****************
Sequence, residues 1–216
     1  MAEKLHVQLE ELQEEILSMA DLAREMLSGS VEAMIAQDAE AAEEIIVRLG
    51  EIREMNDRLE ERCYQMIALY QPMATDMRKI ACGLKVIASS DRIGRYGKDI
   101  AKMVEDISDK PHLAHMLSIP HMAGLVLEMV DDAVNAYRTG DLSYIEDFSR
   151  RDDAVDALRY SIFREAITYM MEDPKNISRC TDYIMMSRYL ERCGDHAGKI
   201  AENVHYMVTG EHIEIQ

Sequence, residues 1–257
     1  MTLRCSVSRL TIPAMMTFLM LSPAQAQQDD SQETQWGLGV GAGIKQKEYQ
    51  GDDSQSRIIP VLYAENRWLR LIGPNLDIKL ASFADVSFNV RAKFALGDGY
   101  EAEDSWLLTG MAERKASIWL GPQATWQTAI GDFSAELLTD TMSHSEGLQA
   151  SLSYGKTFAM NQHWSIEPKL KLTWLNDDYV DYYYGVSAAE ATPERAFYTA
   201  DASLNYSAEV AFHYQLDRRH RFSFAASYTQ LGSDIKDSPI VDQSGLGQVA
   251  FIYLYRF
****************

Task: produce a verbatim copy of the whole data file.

Sequence, residues 1–216
     1  MAEKLHVQLE ELQEEILSMA DLAREMLSGS VEAMIAQDAE AAEEIIVRLG
    51  EIREMNDRLE ERCYQMIALY QPMATDMRKI ACGLKVIASS DRIGRYGKDI
   101  AKMVEDISDK PHLAHMLSIP HMAGLVLEMV DDAVNAYRTG DLSYIEDFSR
   151  RDDAVDALRY SIFREAITYM MEDPKNISRC TDYIMMSRYL ERCGDHAGKI
   201  AENVHYMVTG EHIEIQ

Sequence, residues 1–257
     1  MTLRCSVSRL TIPAMMTFLM LSPAQAQQDD SQETQWGLGV GAGIKQKEYQ
    51  GDDSQSRIIP VLYAENRWLR LIGPNLDIKL ASFADVSFNV RAKFALGDGY
   101  EAEDSWLLTG MAERKASIWL GPQATWQTAI GDFSAELLTD TMSHSEGLQA
   151  SLSYGKTFAM NQHWSIEPKL KLTWLNDDYV DYYYGVSAAE ATPERAFYTA
   201  DASLNYSAEV AFHYQLDRRH RFSFAASYTQ LGSDIKDSPI VDQSGLGQVA
   251  FIYLYRF